Nokia and Ericsson Are Making a Huge Comeback—Buy Them Before Most Investors Realize This

Stephen McBride  |

Image: iStock.com/jamesteohart

In 2017, American officials discovered that ZTE was selling phones to US enemies like North Korea.

The US government told ZTE to stop. It refused. So lawmakers banned ZTE from doing any business in America.

ZTE had been manufacturing roughly 25% of its phone parts in the US. So the ban crippled its business overnight.

ZTE’s shares plunged 55% in two weeks, and the stock has never recovered:

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Now Trump is getting ready to bring down a much larger and more important firm. And this time two “forgotten” stocks stand to hand investors big gains in the fallout.

As you may have heard, Chinese phone maker Huawei is accused of putting secret “backdoors” into its phones. If true, they allow Huawei to spy on Americans who use Huawei phones.

Huawei is officially a private company. But it is widely known to be an arm of the Chinese government.

The US and China have been squabbling over this for a while. But the situation has reached its boiling point.

Trump is widely expected to sign an executive order outlawing Huawei products in America.

Keep in mind, Huawei isn’t some rinky-dink company. It sells more phones than Apple AAPL and generates as much revenue as Microsoft MSFT.

But most importantly, Huawei is the world’s largest maker of 5G infrastructure.

5G is one of the most disruptive technologies today.

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It is the new lightning-fast cell network on which our phones will soon run. And the “Great Upgrade” to 5G is one of the largest infrastructure projects in history.

That’s why I recommended a company that is already raking in cash from the 5G buildout in my free special report, The Great Disruptors. You can get you free copy here.

It has already secured $100-billion worth of 5G contracts—over five times more than any of its rivals.

But with Trump expected to ban Huawei, almost all of Huawei’s 5G infrastructure contracts have been cancelled.

AT&T T cancelled its 5G deal with Huawei last year. UK-based Vodafone VOD cancelled its 5G contract with Huawei this year.

The governments of Japan, Australia, and New Zealand have stepped in to ban their cell companies from working with Huawei on 5G.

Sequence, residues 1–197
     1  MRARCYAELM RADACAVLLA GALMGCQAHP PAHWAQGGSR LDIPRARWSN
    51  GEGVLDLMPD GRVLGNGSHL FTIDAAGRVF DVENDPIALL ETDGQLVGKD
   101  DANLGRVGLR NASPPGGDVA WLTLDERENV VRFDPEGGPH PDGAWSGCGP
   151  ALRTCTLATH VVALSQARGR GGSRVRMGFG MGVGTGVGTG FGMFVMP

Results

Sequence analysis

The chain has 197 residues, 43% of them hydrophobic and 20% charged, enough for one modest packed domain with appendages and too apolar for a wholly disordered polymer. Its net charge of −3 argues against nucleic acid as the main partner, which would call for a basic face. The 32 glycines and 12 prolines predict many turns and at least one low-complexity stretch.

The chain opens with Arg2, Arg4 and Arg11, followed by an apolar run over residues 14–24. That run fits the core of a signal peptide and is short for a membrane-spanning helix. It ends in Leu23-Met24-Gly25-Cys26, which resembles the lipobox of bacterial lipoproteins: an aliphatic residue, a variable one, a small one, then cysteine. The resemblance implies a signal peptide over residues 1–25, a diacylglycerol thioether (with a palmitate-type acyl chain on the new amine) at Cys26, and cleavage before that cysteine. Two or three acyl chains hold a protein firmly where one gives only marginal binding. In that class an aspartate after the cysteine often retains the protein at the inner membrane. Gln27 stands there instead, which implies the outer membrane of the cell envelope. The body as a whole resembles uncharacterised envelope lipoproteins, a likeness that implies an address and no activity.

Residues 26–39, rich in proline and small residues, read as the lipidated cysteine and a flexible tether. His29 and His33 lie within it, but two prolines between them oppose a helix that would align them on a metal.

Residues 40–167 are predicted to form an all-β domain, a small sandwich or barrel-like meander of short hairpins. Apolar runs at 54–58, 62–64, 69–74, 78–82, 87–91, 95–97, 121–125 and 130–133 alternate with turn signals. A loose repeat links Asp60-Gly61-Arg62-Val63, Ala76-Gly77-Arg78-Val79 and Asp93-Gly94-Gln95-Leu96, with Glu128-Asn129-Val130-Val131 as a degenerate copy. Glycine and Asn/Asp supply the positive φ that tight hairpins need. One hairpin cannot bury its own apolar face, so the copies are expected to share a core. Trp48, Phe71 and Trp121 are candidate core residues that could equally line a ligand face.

Of course, all the 5G infrastructure still needs to be built…

You might call these two “forgotten” stocks.

Not all that long ago they dominated the cell phone market. Nokia NOK alone controlled 50% of the cell phone market in 2007. Today it controls less than 1%. And Ericsson ERIC shut down its phone business years ago.

They both totally missed the smartphone revolution, and, accordingly, their stocks have gone nowhere over the past decade:

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But Nokia and Ericsson are two of the world’s only makers of 5G equipment, together controlling 50% of the 5G infrastructure market, according to IHS Markit.

And here’s the key.

There are only four major makers of 5G equipment and infrastructure in the world: Ericsson, Nokia, Huawei, and ZTE.

As I mentioned, Huawei and ZTE are essentially banned from the Western world. Which means phone companies have little choice. They must work with Ericsson and Nokia to get 5G up and running.

The two companies recently won multi-billion-dollar 5G infrastructure contracts from Verizon VZ and AT&T—the two largest US phone companies.

And 3rd-place T-Mobile TMUS has agreed to pay Nokia and Ericsson $3.5 billion each to build its 5G networks.

In short, Nokia and Ericsson have been handed the giant 5G infrastructure market on a silver platter.

When Nokia reported earnings two weeks ago, its network equipment sales shot above $6 billion for the first time in five years. Meanwhile, Ericsson’s 5G-related revenue jumped 10% last quarter.

The market is beginning to recognize both companies will be big winners from the 5G buildout.

After a decade of being stuck in the mud, Ericsson’s stock has surged 50% in the past year. Nokia stock has climbed 20%.

As the 5G rollout kicks into high gear, both stocks are low-risk, money-making opportunities.

For example, Nokia sold around $20-billion worth of network equipment last year. My research shows this should jump above $50 billion in the next two years as 5G ramps up.

So no matter what happens with the stock market, a tidal wave of money is about to flow into Nokia and Ericsson.

DISCLOSURE: The views and opinions expressed in this article are those of the authors, and do not necessarily represent the views of equities.com. Readers should not consider statements made by the author as formal recommendations and should consult their financial advisor before making any investment decisions. To read our full disclosure, please go to: http://www.equities.com/disclaimer.

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